2012 Session

Budget Amendments - HB30 (Committee Approved)

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Medicaid Provider Exclusion and Removal (language only)

Item 310 #1h

Item 310 #1h

Health And Human Resources
Medical Assistance Services, Department of

Page 240, after line 53, insert:
"I.  It is the intent of the General Assembly that the Department of Medical Assistance Services exercise the full extent of federal flexibility in excluding and removing providers as needed to ensure Medicaid program integrity in compliance with federal and state statutes.  The department shall develop a plan to implement programmatic changes to obtain accurate and timely provider information from licensure agencies, to require criminal background checks, to develop a valid risk assessment instrument that can be used to measure patient risk and withstand provider appeals, to verify the physical presence of providers, and to determine how additional provider information required by health care reform can be used to strengthen program integrity activities, among others.   The department shall report on the plan to the House Appropriations and Senate Finance Committees by December 1, 2012."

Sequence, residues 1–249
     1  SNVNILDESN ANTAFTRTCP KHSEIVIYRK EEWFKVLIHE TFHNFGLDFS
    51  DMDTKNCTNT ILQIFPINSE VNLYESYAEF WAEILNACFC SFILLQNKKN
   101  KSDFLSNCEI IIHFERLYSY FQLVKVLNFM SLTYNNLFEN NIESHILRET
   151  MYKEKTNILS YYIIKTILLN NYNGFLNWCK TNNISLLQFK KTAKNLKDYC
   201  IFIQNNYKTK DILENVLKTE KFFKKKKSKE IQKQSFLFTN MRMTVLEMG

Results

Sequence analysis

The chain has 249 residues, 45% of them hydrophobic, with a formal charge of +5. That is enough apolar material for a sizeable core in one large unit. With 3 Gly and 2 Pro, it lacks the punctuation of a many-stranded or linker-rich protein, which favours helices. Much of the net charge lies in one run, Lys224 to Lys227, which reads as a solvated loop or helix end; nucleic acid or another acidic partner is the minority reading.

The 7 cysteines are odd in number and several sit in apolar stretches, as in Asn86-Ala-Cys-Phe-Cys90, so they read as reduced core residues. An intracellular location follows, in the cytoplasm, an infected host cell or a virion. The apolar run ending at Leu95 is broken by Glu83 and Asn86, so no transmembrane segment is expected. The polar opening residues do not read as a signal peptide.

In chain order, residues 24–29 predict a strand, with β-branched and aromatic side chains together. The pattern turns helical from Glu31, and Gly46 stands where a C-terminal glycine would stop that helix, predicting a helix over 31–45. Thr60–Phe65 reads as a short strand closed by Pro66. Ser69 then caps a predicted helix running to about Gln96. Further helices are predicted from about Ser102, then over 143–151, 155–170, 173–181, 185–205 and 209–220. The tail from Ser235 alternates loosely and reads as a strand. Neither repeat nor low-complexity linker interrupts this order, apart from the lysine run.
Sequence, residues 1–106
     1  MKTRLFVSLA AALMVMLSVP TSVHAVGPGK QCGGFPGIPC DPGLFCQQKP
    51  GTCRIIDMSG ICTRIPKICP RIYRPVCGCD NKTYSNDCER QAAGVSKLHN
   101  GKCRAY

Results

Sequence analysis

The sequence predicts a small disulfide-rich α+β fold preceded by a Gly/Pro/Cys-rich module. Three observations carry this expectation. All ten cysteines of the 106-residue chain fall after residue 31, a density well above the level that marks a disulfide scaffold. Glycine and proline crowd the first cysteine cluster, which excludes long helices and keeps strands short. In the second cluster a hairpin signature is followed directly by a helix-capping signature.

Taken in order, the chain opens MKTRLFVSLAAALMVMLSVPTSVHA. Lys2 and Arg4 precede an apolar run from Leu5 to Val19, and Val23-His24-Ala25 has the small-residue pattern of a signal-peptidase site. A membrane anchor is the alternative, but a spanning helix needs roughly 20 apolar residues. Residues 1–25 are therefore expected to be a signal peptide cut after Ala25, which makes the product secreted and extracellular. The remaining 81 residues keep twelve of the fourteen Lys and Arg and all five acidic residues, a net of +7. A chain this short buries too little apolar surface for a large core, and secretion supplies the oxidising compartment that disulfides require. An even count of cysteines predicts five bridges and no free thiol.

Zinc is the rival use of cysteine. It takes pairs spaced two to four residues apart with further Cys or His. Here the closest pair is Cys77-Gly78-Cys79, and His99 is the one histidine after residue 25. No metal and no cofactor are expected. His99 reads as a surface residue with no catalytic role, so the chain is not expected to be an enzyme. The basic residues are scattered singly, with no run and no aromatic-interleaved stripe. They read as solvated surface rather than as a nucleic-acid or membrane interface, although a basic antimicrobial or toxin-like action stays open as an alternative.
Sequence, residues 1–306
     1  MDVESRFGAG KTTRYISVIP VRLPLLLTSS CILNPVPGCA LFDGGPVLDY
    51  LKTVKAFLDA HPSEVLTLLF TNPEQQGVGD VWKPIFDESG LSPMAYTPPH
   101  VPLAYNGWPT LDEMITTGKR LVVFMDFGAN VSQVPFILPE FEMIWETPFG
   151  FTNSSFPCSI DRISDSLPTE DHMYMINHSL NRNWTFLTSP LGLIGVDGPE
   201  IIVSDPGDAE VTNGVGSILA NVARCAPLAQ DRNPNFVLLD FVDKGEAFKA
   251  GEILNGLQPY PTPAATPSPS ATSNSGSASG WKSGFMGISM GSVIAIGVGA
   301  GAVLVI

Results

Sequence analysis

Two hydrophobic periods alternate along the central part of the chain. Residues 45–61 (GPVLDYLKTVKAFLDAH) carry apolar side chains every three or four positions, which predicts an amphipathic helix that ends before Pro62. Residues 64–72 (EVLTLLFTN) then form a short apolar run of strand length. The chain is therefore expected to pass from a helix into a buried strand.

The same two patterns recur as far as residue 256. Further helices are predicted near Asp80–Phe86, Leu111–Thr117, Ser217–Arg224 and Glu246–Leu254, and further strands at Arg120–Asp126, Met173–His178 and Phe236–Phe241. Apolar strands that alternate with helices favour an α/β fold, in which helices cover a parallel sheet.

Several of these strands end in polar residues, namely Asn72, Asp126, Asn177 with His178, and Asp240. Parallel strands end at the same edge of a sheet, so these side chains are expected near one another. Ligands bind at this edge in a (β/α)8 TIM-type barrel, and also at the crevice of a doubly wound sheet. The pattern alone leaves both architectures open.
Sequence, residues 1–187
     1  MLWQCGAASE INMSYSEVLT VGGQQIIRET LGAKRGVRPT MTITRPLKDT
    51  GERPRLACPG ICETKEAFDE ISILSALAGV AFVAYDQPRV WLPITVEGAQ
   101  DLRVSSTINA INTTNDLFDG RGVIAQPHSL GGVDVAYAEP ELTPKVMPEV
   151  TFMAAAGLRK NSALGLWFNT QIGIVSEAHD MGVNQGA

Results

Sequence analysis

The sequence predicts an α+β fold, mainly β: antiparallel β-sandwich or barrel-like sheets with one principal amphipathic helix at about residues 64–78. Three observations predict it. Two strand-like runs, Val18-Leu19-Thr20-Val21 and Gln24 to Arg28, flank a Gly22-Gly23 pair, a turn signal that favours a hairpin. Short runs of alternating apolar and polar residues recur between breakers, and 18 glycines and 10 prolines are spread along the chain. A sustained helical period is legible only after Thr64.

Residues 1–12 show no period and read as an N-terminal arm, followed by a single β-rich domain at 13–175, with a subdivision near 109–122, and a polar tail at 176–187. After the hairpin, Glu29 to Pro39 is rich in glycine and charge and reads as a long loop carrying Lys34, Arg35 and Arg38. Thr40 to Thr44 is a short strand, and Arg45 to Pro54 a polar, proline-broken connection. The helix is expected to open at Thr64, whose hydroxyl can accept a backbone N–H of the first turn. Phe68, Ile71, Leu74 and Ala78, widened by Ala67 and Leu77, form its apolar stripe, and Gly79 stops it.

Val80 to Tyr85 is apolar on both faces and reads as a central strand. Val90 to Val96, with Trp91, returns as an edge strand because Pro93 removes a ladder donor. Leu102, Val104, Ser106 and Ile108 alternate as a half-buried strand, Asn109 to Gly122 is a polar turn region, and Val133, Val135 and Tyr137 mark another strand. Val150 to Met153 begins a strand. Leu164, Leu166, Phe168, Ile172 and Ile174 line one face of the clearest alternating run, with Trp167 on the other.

(This amendment adds language which would require the Department of Medical Assistance Services (DMAS) to fully utilize the authority granted by the federal government to exclude or remove providers from its network in certain instances. A recent report of the Joint Legislative Audit and Review Commission found that DMAS is not fully utilizing the authority granted by the federal government to exclude or remove providers from its network. Federal and state law set forth criteria for the exclusion and removal of Medicaid providers from the fee-for-service network. Federal law requires certain exclusions, and allows states to use others. For example, mandatory federal criteria to exclude and remove providers from its fee-for-service network include: (i) the commitment of Medicaid or Medicare fraud, (ii) a conviction of patient abuse or other offenses that pose a risk to Medicaid patients, or (iii) exclusion by the federal government. In addition, the Code of Virginia excludes providers who have been convicted of a felony or who do not meet certification, licensure, or education requirements of Virginia licensing boards. With the implementation of federal health care reform, states will be required to collect more information during the provider enrollment process; however, the law does not address whether states should act on the information. Currently, few providers are excluded or removed from providing Medicaid services by DMAS, and those that are removed are almost exclusively due to felonies or lack of licensure. Attempts to exclude based on risk to patients have generally not withstood provider appeal. Further, DMAS does not verify the physical presence of new providers to ensure that they are valid providers, which has been found to be the cause of fraudulent activity in other states. DMAS relies on accuracy and timeliness of information from licensing and federal agencies, and does not conduct criminal background checks to ensure that prior history does not suggest potential risk to patients.)